12%  $23,200 to $94,300  $11,600 to $47,150  $16,550 to $63,100
22%  $94,300 to $201,050  $47,150 to $100,525 $63,100 to $100,500
24%  $201,050 to $383,900 $100,525 to $191,950 $100,500 to $191,950
32%  $383,900 to $487,450 $191,950 to $243,725  $191,950 to $243,700
35% $487,450 to $731,200  $243,725 to $609,350  $243,700 to $609,350
37%  $731,200 or more $609,350 or more  $609,350 or more

Source: IRS, 2024.

The beauty of converting to a Roth IRA in portions is that it can be done over the course of several years without triggering a large tax bill all at once.


Here’s an example: Last year, Elaine, who files taxes as a single individual, had an adjusted gross income of $110,000, expects to have about the same income this year, and has $250,000 saved in a traditional IRA. This puts her in the 24% tax bracket for 2024. She could potentially convert up to $81,950 to a Roth IRA while staying in same tax bracket (the maximum income for the 24% bracket for a single filer is $191,950 for 2024). 

The determining factor comes down to how much Elaine can afford to convert due to the taxes she will incur: If she converts $10,000 in 2024, it would increase her 2024 federal taxes by $2,400 when she files them in 2025; if she converts enough to reach the upper limit of her bracket, $81,950, she’d owe $19,668 when she files her 2024 taxes.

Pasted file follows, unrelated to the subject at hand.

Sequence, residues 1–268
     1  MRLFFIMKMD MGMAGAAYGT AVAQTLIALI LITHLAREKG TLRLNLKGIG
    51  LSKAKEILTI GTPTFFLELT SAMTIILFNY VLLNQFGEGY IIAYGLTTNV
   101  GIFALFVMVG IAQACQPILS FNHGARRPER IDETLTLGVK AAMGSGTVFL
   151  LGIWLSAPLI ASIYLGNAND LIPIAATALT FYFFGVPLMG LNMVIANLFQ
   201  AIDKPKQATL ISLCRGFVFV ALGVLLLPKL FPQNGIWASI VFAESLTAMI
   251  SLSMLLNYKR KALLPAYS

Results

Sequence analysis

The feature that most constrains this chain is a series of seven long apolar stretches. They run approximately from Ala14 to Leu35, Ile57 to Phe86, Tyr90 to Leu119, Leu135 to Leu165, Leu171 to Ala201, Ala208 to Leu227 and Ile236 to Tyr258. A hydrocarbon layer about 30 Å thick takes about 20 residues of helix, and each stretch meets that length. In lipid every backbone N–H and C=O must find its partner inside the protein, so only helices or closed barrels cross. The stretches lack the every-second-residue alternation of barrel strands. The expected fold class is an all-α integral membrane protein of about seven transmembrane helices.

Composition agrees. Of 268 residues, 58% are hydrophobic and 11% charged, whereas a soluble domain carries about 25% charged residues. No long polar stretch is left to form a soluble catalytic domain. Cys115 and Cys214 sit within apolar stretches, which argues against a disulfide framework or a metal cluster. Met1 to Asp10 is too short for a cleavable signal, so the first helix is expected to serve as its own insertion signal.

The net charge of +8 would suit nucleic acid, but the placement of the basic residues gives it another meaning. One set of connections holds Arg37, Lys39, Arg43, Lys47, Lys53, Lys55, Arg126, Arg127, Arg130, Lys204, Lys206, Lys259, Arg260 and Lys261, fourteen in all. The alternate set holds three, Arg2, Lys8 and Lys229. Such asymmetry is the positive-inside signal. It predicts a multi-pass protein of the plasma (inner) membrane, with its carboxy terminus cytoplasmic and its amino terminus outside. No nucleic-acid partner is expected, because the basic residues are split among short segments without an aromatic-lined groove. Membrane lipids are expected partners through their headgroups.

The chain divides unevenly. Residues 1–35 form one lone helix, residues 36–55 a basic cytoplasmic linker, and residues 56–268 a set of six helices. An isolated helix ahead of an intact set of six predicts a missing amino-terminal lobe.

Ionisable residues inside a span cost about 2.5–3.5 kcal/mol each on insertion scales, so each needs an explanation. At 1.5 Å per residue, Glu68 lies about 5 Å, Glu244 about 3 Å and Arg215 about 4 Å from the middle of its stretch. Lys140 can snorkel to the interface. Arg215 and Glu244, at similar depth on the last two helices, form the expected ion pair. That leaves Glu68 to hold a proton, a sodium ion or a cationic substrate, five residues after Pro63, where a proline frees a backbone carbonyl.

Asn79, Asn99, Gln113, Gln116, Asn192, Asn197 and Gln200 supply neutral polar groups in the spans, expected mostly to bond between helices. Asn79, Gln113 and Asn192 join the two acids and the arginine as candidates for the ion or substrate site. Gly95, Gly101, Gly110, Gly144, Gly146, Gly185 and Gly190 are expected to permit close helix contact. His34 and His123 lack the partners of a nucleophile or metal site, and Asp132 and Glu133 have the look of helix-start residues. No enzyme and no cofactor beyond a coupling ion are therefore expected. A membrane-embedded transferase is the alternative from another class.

The beauty of converting a portion at a time is that it doesn’t have to be a once and done move, either. If Elaine can afford to convert a few thousand dollars each year for several years, she could eventually convert a large portion of a traditional IRA to a Roth IRA without triggering a large tax bill at one time. 


Many Benefits, But Also Many Rules

While Roth IRA conversions can be beneficial, there are also certain rules and regulations surrounding them that can be complicated. 

For example, how the funds were contributed to your traditional IRA can impact how your conversion is taxed. Having a mix of pre-tax and after-tax contributions to a traditional IRA makes a Roth conversion subject to the “pro-rata rule,” which means determining what percentage of the conversion is taxable (pre-tax contributions) and what is not (after-tax contributions). 

Additionally, it may be tempting to use funds from your traditional IRA to offset the tax burden of the Roth conversion. However, this could do more harm than good by setting back your retirement savings overall. Converting part of your IRA may only make sense in years in which you have a windfall or additional wiggle room in your budget that can cover the taxes without dipping into your nest egg.